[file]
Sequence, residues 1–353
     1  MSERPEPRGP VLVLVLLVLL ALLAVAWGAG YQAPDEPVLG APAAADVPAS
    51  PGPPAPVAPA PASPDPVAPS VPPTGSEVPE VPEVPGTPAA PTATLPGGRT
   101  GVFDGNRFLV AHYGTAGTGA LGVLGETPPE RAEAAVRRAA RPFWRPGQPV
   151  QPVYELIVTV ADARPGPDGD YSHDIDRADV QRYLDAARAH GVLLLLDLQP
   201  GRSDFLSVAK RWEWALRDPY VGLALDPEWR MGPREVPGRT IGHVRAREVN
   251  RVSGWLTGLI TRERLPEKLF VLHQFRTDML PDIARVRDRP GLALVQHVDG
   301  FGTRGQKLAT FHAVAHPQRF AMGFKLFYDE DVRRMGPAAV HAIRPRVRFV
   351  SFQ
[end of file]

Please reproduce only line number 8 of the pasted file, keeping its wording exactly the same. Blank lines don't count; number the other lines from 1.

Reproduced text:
   301  FGTRGQKLAT FHAVAHPQRF AMGFKLFYDE DVRRMGPAAV HAIRPRVRFV